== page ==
“The equipment is not too complicated; it is the process that is advanced and more difficult to copy with its chemistry and biology used. People can try to copy the hardware but may not manage to get the process working as this based on years of experience.”
He points out that energy efficiency is an important factor in the design of wastewater treatment systems and is something Scanship has focused on. “We are using gravity to minimise the use of pumps. Our system uses moving bed bioreactors, which use less energy than some other systems. Our system is very environmentally friendly and the energy consumption is low.”
There is another benefit too. Mr Bache says, “It can treat all different water streams including food waste reject with its bioreactors.”
Other suppliers are also offering wastewater systems type-approved to MEPC.227(64). Headhunter is producing its Tidal Wave HMX sewage treatment plant for cruise, yacht and offshore. These systems are type-approved according to MEPC.227(64) including section 4.3 where the mitigation of nutrients is required for passenger vessels in special areas.
Headhunter president Mark Mellinger says “These systems are well known and well received in these markets for their compact size and user-friendly operation.” It has signed a contract with Un-Cruise this year.
Regarding new developments, its TW-SB Smart Bio system is a flat-plate membrane system that has been submitted to USCG by the testing lab. “We expect the USCG type-approvals to be done soon,” says Mr Mellinger.
The flat-plate membrane bioreactor has a capacity range of 250 to 5,000 gallons per day. “It is called a smart biological system because each system will include an embedded PC for system control and integration to vessel monitoring systems. We also will include videos in the control panel to educate technicians on the correct operation of the plant,” says Mr Mellinger.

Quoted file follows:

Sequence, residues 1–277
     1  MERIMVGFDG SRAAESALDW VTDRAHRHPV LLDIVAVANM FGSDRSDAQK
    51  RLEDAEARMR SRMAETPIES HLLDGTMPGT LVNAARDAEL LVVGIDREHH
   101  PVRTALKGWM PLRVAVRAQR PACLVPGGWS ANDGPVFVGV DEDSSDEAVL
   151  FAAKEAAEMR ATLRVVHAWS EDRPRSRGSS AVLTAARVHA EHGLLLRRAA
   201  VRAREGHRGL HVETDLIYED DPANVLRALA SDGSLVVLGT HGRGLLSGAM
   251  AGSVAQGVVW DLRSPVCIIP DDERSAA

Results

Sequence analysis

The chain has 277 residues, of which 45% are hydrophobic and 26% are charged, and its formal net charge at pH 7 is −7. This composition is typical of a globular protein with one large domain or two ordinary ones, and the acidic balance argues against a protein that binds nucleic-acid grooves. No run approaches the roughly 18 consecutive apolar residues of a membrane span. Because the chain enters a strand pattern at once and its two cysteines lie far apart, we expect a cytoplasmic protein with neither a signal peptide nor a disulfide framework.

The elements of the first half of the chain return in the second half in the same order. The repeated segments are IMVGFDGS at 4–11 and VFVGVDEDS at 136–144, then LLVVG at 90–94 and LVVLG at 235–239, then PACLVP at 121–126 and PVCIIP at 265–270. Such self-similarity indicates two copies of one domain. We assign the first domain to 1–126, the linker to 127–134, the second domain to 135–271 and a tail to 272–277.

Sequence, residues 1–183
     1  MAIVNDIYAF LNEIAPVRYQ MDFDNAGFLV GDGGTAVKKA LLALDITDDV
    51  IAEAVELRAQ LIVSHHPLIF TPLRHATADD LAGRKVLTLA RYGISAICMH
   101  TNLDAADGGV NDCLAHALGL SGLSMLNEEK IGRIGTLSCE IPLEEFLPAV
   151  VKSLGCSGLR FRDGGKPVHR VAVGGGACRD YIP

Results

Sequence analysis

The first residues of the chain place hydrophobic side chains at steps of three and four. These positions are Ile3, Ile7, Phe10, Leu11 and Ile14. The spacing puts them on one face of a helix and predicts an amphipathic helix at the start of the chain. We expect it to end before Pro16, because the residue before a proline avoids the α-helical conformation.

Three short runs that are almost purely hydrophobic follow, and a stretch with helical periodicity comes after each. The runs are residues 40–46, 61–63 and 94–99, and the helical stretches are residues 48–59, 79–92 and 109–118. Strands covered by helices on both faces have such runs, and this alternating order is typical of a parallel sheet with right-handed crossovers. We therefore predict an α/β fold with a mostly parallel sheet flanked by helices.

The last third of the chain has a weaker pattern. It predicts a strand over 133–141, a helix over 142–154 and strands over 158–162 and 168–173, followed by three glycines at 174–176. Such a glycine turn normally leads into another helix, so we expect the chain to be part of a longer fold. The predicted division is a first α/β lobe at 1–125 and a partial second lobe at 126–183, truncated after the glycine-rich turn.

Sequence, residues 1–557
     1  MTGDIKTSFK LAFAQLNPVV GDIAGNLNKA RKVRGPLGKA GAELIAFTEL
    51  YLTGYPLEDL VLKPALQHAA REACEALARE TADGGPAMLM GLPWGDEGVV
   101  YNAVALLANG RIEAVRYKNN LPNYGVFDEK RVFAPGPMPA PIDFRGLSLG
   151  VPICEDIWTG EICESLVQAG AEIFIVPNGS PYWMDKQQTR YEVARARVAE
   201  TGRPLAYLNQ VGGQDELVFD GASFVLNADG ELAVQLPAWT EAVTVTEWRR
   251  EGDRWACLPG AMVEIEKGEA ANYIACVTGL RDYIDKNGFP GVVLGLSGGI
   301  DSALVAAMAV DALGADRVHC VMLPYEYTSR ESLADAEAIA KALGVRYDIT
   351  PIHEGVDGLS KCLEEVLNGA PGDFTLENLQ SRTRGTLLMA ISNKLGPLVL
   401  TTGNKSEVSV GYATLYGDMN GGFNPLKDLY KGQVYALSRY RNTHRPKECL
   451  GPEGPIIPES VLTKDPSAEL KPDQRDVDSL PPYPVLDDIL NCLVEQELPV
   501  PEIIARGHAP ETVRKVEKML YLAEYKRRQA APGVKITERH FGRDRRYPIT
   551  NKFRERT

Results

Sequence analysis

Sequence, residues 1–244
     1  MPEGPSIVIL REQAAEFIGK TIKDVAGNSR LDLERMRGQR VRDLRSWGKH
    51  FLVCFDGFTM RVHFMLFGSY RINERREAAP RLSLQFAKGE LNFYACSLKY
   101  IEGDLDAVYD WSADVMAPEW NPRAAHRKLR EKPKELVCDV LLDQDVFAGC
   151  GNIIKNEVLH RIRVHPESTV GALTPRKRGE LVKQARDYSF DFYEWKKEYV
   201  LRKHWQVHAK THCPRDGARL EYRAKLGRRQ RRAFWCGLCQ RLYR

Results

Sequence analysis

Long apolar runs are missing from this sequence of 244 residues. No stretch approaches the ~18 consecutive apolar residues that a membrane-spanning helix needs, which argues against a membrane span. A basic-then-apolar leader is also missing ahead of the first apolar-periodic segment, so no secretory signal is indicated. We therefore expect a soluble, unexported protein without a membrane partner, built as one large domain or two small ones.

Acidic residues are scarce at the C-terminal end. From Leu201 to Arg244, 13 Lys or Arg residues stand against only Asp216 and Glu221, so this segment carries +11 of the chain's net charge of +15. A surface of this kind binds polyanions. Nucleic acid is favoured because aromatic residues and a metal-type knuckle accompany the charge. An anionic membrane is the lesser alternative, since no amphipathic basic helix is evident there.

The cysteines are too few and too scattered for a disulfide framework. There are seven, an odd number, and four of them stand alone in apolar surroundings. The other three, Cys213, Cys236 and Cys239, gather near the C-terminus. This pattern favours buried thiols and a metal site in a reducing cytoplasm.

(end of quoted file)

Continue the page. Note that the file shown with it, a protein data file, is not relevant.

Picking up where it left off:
“Functionally it incorporates a range of simple and unique processes to bring flat-plate membrane biological systems to the mainstream market. Applying this type of technology is well known in the marine market as the first generation of flat-plate membrane bioreactors were utilised on Queen Mary 2. We have reduced the size of the plant while complying with MEPC.227(64) including section 4.2 for passenger vessels in special areas.”
MEPC 227 (64) is also a key area of focus for Wärtsilä Water Systems (WWS).
WWS has type-approved membrane bio reactor systems operating to MEPC 227(64) requirements.
Recent contracts include full waste management systems for Saga Cruises’ Spirit of Discovery, delivered last year and Spirit of Adventure, to be delivered this year.
WWS widened its portfolio a few years ago to include dry waste management systems as well as wet waste systems. It can now offer a complete waste management system incorporating wet and dry waste collection, dry waste volume reduction, incineration, food waste collection, food waste treatment, dry and wet waste treatment. It can provide an integrated dry and wet waste management system for all sizes of vessel.
Saga Cruises’ newbuilds will incorporate both WWS’s advanced wastewater system and dry waste treatment system.
Elsewhere, Evac is supplying Evac Complete Cleantech Solution for two Global-class cruise ships for Genting Hong Kong’s Star Cruises.
The two 201,000-gt vessels are being built by German shipyard MV Werften.
The Evac Complete Cleantech Solution includes vacuum collection, vacuum toilets, wastewater treatment, dry and wet waste treatment, and freshwater generation by reverse osmosis systems for technical water quality with a daily capacity of over 3,000 m3.